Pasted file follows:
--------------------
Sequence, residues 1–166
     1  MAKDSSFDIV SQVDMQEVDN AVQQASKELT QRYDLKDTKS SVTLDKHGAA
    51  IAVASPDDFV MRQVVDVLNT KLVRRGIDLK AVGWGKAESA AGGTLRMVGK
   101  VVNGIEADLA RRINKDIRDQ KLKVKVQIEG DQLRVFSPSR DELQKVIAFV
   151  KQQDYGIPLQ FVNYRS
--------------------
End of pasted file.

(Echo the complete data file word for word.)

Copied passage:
Sequence, residues 1–166
     1  MAKDSSFDIV SQVDMQEVDN AVQQASKELT QRYDLKDTKS SVTLDKHGAA
    51  IAVASPDDFV MRQVVDVLNT KLVRRGIDLK AVGWGKAESA AGGTLRMVGK
   101  VVNGIEADLA RRINKDIRDQ KLKVKVQIEG DQLRVFSPSR DELQKVIAFV
   151  KQQDYGIPLQ FVNYRS